The next four items beginning with the piece by Robert Harris in 1978 debate the utility of quantitative methodologies in the study of schizophrenia as proposed by George Brown. The four commentaries comprise a debate between the two men that involves each challenging and responding to ideas about the nature and veracity of positivist quantitative scientific methods that are subject to standpoint and interpretation. Reference to 'common sense judgements' masquerading as scientific fact is a theme of this debate. This is a fascinating dialogue that, with the onset of blogs and other electronic platforms, is now rarely seen in this form.

David Hunter's 1986 commentary casts the spotlight on healthcare management arguing that sociology can bring new perspectives to aid understanding of the complex nature of managing healthcare delivery within the NHS. Hunter's focus on organisational structures that he sees as a matrix of relationships involving funders, consumers and managers holds contemporary resonance as the NHS continues on its path of ongoing reform and change.

The theme of NHS organisation is continued by David Marsland in his 1993 critique of the NHS Review that discussed potential innovations and changes to the operation of the NHS to include a stronger public/private partnership approach. The implicit ideological 'drivers' of Marsland's commentary are highlighted by Gareth Williams and Jonathan Gabe in the piece that follows. They specifically call for Marsland to acknowledge his ideological standpoint to situate his scholarship. Marsland's response to his critics centres on the defence of his values, the innate 'left-wing' prejudice of many academics wedded to the status quo and the imperative for NHS reform to ensure its survival. Robert Dingwall joins the debate to point out that 'the market' and models of efficiency in healthcare are contested concepts even amongst those such as health economists who might be expected to be strong advocates of this business model. It is Marsland, however, who has the final word in the debate with his commentary first published in December 1993 that reports on the progress of the new reforms. These five pieces make fascinating reading particularly in light of the current 'crisis' narrative that frames much reporting of the NHS.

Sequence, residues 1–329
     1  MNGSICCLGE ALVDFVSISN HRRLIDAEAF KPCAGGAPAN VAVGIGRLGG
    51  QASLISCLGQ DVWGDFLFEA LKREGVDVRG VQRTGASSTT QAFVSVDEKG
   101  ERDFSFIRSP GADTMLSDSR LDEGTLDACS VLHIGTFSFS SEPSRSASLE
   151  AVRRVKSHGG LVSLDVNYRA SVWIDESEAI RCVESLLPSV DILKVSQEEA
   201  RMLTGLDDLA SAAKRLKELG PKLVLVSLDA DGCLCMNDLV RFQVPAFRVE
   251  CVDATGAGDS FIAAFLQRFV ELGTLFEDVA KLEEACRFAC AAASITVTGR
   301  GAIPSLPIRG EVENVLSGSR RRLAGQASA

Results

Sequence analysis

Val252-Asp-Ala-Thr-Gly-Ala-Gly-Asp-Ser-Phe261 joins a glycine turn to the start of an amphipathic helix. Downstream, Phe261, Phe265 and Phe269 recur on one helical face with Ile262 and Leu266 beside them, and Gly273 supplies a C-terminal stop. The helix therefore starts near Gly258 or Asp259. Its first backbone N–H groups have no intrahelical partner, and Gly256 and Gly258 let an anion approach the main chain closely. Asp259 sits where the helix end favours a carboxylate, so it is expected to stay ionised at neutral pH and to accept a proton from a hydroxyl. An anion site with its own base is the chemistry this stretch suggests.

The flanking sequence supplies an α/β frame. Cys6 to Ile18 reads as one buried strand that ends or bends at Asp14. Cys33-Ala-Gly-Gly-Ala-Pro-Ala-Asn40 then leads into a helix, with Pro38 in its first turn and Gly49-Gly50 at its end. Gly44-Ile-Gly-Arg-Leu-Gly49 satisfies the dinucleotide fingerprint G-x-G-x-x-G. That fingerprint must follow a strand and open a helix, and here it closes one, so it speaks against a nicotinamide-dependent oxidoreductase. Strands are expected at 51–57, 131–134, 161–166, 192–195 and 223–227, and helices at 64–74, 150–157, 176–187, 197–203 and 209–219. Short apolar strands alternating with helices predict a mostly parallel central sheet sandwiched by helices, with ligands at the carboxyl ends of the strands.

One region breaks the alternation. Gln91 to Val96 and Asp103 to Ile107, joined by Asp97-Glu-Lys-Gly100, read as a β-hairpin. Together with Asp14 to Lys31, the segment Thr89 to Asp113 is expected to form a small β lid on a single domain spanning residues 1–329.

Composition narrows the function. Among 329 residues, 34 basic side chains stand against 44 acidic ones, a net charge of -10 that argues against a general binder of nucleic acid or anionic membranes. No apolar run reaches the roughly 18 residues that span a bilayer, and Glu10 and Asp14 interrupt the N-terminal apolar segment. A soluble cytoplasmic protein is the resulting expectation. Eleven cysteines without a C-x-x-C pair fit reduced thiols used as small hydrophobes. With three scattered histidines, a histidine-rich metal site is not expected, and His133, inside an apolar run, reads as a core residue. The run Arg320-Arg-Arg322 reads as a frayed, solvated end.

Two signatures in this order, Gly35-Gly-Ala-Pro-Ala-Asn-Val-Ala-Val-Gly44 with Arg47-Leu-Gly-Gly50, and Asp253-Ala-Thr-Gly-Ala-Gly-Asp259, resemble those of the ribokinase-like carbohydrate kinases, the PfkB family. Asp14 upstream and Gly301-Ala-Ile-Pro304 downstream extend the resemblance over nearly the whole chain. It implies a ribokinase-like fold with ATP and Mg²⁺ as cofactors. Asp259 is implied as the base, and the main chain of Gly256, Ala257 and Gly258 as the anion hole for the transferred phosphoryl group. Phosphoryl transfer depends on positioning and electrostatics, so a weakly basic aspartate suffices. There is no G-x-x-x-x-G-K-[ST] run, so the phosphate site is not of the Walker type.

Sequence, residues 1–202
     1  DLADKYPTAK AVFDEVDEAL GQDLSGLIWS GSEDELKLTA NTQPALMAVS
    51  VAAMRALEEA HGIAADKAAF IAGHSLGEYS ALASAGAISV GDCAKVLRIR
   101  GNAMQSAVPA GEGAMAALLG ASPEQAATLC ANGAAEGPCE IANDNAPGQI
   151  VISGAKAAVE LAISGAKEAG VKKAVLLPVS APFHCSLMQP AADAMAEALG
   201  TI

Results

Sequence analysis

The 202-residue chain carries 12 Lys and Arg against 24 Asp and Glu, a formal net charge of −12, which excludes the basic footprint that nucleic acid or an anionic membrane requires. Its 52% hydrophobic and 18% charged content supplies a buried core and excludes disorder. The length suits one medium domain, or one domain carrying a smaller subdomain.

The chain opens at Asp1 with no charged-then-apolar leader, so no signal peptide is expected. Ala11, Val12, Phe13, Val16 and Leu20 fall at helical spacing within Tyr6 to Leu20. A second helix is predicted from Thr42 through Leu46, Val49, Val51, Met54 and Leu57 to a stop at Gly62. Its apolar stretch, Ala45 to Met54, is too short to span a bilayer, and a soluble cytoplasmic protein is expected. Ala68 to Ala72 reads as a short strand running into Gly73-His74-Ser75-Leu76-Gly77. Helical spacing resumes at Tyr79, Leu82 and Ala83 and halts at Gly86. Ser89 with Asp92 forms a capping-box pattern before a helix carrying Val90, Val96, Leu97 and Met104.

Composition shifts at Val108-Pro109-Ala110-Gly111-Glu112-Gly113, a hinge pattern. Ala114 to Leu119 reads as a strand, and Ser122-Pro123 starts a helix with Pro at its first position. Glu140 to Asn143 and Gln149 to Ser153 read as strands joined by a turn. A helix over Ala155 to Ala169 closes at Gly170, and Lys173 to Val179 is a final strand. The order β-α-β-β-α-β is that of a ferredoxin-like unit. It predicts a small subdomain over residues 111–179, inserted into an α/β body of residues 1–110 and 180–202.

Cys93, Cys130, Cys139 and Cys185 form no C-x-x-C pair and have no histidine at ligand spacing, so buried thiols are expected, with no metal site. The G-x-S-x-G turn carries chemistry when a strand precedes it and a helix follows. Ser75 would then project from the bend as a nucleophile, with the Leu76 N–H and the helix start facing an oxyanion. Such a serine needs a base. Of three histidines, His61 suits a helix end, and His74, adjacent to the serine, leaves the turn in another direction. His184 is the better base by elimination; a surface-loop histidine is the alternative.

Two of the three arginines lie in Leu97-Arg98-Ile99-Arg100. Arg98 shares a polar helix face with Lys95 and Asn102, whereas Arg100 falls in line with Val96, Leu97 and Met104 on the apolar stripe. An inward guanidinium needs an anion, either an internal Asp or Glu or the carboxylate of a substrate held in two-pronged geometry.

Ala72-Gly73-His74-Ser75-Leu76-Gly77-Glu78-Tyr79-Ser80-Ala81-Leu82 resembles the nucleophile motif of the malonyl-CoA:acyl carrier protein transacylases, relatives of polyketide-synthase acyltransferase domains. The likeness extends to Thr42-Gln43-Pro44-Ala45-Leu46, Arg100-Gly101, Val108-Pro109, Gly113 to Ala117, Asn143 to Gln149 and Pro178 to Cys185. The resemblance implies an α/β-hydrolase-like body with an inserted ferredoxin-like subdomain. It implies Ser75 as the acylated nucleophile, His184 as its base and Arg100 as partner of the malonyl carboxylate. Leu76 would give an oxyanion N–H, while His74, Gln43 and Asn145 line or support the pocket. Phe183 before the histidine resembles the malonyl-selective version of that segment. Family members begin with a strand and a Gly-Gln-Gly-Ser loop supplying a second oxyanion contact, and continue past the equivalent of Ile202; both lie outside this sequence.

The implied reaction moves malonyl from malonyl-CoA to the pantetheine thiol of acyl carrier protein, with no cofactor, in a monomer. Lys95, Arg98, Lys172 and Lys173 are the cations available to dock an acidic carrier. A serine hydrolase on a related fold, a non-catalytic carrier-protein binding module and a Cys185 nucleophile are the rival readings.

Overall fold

Gillian Bendelow and Simon Williams focus on a very different topic in their 1994 article about emotions and the body. Putting emotion firmly in the sociological frame (rather than just in the psychological domain), they draw out the relevance of emotion and feelings for the sociological study of health and illness. In the years following the publication of this article, emotion has also come to be recognised as an important component of research experience and the reporting of findings.